Weinstein said that after the famous staged reading of the script a couple of years ago, he tried to convince Tarantino to do it instead as a Broadway play, especially considering Weinstein’s own current infatuation with the theatre. He was serious, but finally the movie plans took shape. He is also thrilled that after introducing Tarantino to legendary composer Ennio Morricone in Italy some years ago, they were able to realize the dream of having Morricone compose the score for one of his films. “Even though he has won an Honorary Oscar, he never won for one of his films. This would be the chance. He should have won for The Mission or Cinema Paradiso,” he said noting he wasn’t even nominated for the latter.
All of this awards momentum though comes at a time when TWC is definitely at a crossroads. And Weinstein knows it. “I keep reading about my quote that this was a bad year for us. I would love to have a bad year like this every year,” he said mentioning the winter hit Paddington, spring hit Woman In Gold and summer hit Southpaw before getting sober. “But we see the handwriting on the wall. That’s the problem with downsizing, but now television offers such great opportunity. It’s been a very scary year for everyone. You press the wrong button and your movie disappears,” explaining why they are taking such a measured approach in the rollout of Carol by adding just a few theatres December 11 , then Christmas and January when Oscar nominations and awards shows start happening. “I just think this is something we should be delicate about and continue to build word of mouth, continue to build the reputation of the movie, and have the patience to do it correctly.”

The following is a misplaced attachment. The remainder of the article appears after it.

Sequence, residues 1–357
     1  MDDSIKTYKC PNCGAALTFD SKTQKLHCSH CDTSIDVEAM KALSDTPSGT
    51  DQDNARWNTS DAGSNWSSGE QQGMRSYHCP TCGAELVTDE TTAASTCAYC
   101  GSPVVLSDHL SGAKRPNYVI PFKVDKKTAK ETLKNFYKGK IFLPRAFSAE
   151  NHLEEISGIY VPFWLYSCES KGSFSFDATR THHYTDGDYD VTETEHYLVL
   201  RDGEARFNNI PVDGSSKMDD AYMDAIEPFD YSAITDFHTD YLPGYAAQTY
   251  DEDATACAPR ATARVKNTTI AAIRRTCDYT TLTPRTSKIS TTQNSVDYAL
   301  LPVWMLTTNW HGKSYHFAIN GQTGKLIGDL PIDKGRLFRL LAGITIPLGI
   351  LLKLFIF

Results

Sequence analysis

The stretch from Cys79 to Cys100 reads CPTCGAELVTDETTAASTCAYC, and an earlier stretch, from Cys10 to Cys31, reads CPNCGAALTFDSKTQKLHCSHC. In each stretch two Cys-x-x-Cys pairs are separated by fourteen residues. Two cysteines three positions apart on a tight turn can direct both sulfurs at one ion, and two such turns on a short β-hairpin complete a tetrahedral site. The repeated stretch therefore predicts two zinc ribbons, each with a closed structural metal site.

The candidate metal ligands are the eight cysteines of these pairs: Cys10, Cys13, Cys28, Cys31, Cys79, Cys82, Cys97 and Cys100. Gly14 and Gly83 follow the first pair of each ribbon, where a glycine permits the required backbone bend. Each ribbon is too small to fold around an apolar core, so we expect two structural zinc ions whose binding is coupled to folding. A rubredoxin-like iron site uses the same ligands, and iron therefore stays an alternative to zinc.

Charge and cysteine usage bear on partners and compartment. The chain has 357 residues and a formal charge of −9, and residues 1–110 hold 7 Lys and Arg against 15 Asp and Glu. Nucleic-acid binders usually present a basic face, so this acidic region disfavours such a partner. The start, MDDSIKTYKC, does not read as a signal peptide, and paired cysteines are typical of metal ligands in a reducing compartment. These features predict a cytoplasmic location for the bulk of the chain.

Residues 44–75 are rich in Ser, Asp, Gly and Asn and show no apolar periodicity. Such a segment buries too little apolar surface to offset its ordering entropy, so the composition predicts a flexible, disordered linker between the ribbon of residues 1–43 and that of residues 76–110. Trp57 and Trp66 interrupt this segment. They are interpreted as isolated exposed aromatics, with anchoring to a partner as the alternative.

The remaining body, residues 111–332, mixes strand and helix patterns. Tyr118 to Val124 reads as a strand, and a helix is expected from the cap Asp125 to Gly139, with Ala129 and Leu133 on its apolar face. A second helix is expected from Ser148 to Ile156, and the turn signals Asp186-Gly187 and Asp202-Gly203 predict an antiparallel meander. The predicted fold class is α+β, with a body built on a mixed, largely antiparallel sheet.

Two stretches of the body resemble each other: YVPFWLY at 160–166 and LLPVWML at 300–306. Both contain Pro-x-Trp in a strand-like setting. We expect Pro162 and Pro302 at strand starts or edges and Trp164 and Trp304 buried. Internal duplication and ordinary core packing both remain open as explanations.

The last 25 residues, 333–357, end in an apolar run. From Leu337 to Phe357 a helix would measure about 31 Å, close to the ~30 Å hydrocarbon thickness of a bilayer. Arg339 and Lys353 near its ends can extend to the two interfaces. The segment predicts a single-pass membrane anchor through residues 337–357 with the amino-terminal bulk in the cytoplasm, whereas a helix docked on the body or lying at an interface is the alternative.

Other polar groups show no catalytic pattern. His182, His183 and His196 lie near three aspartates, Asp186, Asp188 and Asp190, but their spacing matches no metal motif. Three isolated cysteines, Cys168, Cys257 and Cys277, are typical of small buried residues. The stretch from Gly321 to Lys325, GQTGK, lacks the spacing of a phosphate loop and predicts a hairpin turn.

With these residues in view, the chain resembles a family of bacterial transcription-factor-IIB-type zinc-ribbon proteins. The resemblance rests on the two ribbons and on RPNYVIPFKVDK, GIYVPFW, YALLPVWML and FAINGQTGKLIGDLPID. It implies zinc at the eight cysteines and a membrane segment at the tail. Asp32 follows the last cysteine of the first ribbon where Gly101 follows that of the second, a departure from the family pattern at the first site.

Weinstein notes there were many great movies this year, signaling out The Martian among others, but says every studio, sub studio and indie has been hit. “It’s not about the ego of Oscar, it’s that everybody knows the nominations help you with marketing. Everybody thinks if you open in October you have got a good shot, but all of a sudden 20 movies came out at the same time. When you see an October like we just saw you say how long and how many idiosyncratic movies can we make and better space them out. This was a company that was pumped for ten Radius titles, 12 TWC-Dimension titles. It’s still really a mom and pop operation. I worry about everybody who works here. We’ve never had to do this in all the years, and I am proud of that, but we found out we had a Board of Directors this year, ” he half-joked. “It became inevitable”.
I asked him about the controversial move to campaign Carol’s Rooney Mara as supporting so that she wouldn’t have to compete with co-star Cate Blanchett in the lead actress category. Both have been nominated as lead actress for the Independent Spirit Awards, and the HFPA (there they go again) has classified both eligible only for Lead Actress in a Drama. Isn’t this a risky strategy considering in the Academy the actors branch members make up their own minds? “It happened to me with Kate Winslet on The Reader. We put her up for Supporting and she won the Oscar for Best Actress instead. Rooney Mara is a team player. If anyone is making the decision it is me on behalf of the film. You look at the situation and go ‘God,
do we really want to split this with Cate and Rooney, and then just cannibalize it and nobody gets anything?’ I just thought it was better. And Rooney has been a terrific team player , although I heard she has a doll of me with needles sticking out of it, ” he laughed while also saying it is his goal with this film to get director Todd Haynes recognition he has never gotten from the Academy as a director, as well as producer Christine Vachon who has never been even nominated at all. Weinstein is also hoping to land a Supporting nomination for Marion Cotillard who plays Lady Macbeth in Macbeth. Surely Lady Macbeth is a leading role, Harvey. “Not in this Macbeth. And no one has ever played it as vulnerable. She is ambitious but she is vulernably ambitious. She played it just the opposite. Just for her intelligence she deserves a nomination,” he said.
Clearly the Harvey Weinstein Oscar express is getting up to speed. This should be interesting.